Airbrushed 80s celebrities lipsynching on a virtual beach? Yes: it’s the best worst ad ever
The history of the above video – which I think you’ll agree is astoundingly wonderful in many ways – is surprisingly banal. It was created as a promotional tool for the fourth season of Golden Times, a Norwegian television show in which the youngish hosts visit stars they liked as kids.
Now, that may factually explain the presence of a disturbingly huge number of famous people starring in what looks like a VHS recruitment tape for Scientology circa 1987. But what makes the video truly awesome goes deeper. It’s not just because it puts Katarina Witt on the same virtual beach with a chavved-up Tonya Harding – watch out, Katarina! – or because of the sad spectacle of Glenn Close, Judd Nelson and Kathleen Turner trying not to look like they want to die. Not even because of the co-presence of Steve Guttenberg, Right Said Fred, Daryl Hannah, Mickey Rourke or my personal favourite (well, except for Tonya Harding), the one and only Dolph “Drago He-Man Scorpion” Lundgren. Nor, finally, is it the Ozymandian moral that you can be on top of the world drinking champagne from actresses’ slippers one heady day, and clasping your hands in phony expressiveness (I’m looking at you, Jason Alexander) on an airbrushed seashore with Boyzone, Theo Cosby, part of Twisted Sister and Bud from Married With Children the next.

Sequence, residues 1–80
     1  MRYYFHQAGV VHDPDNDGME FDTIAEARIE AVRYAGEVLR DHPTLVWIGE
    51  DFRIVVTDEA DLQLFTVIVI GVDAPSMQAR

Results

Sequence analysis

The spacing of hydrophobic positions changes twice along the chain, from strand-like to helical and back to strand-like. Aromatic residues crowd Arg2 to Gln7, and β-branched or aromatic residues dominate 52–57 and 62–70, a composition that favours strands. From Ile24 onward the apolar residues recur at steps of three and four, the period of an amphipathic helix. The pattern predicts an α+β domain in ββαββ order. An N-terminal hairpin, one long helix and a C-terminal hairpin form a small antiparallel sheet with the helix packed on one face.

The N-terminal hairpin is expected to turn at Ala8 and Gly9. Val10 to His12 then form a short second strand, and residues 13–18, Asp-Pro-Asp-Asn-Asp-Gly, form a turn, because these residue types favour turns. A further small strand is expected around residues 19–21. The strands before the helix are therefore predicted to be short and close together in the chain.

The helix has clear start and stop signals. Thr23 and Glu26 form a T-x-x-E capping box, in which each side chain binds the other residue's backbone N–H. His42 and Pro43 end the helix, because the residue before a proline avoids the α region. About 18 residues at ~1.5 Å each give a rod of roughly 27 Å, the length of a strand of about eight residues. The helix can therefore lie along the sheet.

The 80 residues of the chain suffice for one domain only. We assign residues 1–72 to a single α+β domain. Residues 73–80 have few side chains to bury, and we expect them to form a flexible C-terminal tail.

No, the real icing on the cake for me is that this is actually an ad. Can you imagine the amount of money an agency would have to spend to hire all 60-odd of these actors and singers to promote a product? Their combined cultural cachet for a generation that grew up steeped in irony would have been pretty much off the scale even BEFORE you slapped them on a greenscreen and had them lipsynch along to a truly awful rendition of Let It Be, already the worst karaoke song known to human history. I mean, Milli Vanilli lipsynching! You couldn’t make this up! It’s the yacht rock of advertising. You could immediately make a zillion dollars if you turned it into an ad for a clothing company, or a restaurant chain, or pretty much anything. Instead, it’s for a Norwegian talkshow, and it was stupid enough to use a Beatles song, thus predictably attracting the lawyers at Sony/ATV, who cut it short before it could go viral. Meaning its authenticity quotient for early thirtysomethings is even HIGHER.
The best ad in the world, in other words, is also the worst ad in the world. Look on this work, ye mighty, and despair.